|Posted by bebowreinhard on June 14, 2014 at 5:10 PM||comments (0)|
Enough already, all you writers with all your great successes. Do you ever for a moment stop to think that maybe some of us aren’t doing so well and feel even more miserable to learn that you’ve finally found that magical spot in the book world where you belong? Do you enjoy leaving the rest of us behind?
Oh, I know what you’ll say. But I’m only try to get people to buy my work. Oh really? So it isn’t enough that you’ve published, now you actually want to make money, too? Heavens. Before you know it, there’ll be no room for anyone else, and you won’t care, because you’re off there somewhere rolling in your dough.
Yes, I know how rich all you successful writers are. Why do you think I’m trying so hard to make it? I have bills, too. And they’re stacking up!
You know it doesn’t matter if I buy your book. That’s not going to get me any closer to publication. And take your advice? What good’s that gonna do me? I don’t have your flare for words. I just have these ten sentences that are basically the same but arranged differently, that’s all. Hey, haven’t you always said there’s no such thing as a bad writer, only one that doesn’t try?
Well, I try. Every day I take these ten sentences, rearrange them, re-submit and what do I get for my trouble? The publisher says, sorry we’re all filled up publishing GOOD stuff! How do you think that makes me feel?
I don’t know why I bother telling you. You’re not sympathetic. You forgot you were once where I am. You forgot that someone had to help you along the way, but now you’re just stepping on us poor unpublished … what? You’re 60? You’ve been a writer for 40 years? Oh, sure, now you’re just trying to make me quit!
Have patience? Shudder.
|Posted by bebowreinhard on May 4, 2014 at 7:25 PM||comments (0)|
This is just a word of warning to anyone who thinks they want to pursue a writing career.
If you have not or do not get immediate positive feedback to your writing capabilities, don't pursue this as a career. This is a horribly disappointing way to live, and if you don't have the talent for it, you're just going to be hurt. You're going to find yourself wasting a lot of time thinking you can improve, only to find out by the time you reach 61 that as good as you were at 18 is how good you'll be five decades later.
Don't fool yourself into thinking writing talent can be learned. It can't. You either have it or you don't.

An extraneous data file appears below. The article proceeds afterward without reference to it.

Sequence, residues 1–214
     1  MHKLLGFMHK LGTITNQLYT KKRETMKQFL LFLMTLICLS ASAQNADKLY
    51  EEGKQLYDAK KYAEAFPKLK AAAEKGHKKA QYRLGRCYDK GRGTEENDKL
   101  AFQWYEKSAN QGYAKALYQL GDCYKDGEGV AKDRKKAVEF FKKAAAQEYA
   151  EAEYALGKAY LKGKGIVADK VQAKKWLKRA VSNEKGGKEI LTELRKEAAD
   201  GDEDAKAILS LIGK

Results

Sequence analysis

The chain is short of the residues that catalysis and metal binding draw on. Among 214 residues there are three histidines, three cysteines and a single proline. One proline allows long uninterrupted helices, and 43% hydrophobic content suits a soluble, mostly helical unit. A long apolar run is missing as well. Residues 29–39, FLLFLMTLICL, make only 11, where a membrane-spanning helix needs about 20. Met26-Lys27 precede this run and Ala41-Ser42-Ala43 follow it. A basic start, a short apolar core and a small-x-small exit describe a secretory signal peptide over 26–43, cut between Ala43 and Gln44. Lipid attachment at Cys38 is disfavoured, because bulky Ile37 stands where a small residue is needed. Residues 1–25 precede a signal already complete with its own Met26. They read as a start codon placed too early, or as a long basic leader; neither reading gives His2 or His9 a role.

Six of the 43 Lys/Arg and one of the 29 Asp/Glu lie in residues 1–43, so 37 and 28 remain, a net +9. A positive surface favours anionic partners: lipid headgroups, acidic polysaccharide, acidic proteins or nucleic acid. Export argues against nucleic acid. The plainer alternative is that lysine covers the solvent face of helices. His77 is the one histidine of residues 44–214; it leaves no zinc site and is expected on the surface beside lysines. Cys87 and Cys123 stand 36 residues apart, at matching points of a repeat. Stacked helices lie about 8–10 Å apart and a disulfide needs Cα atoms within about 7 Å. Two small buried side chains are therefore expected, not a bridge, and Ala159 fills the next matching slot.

I had some small success with writing in high school, but next to NO encouragement by the time I got around to trying it as a career. You know what I found out? The world can get along without my prose. Can, and does. Do I have any other options now? No.
But maybe you do. Find out what people encourage you to keep doing, and keep doing that. It beats the heck out of wasting your life.
|Posted by bebowreinhard on February 6, 2014 at 7:15 PM||comments (0)|
I used to think there were only two kinds of publishing venues – traditional and self-published. Now I’ve learned the hard way what vanity publishing is all about, and agree that this is a third route.
It’s not a route I would recommend over self-publishing. It is possible that vanity publishers do reject some submissions. But it is not clear that they read the completed project, either. And those are two reasons that you would go with a traditional publisher—that you would share the proceeds of your hard work with anyone. They see your vision and are able to help you make it better.
My recent experience taught me the realities of vanity publishing. I don’t think XYZ (not their real name) really grasped the magnitude of the project I submitted to them. They probably observed a few pages and felt it was adequately written. They offered no comment about the value of the project. For this reason, I had always lumped them with self-publishers. If there is no rejection process in place, it’s self-publishing.
But people can get traditional and vanity publishing mixed up, and I hope to address that here.
There is a website that has warnings about publishers, but it hasn’t been updated lately. Still it’s worth checking out. I learned, after submitting a query, that they consider XYZ a vanity press, but I was hoping these things change over time.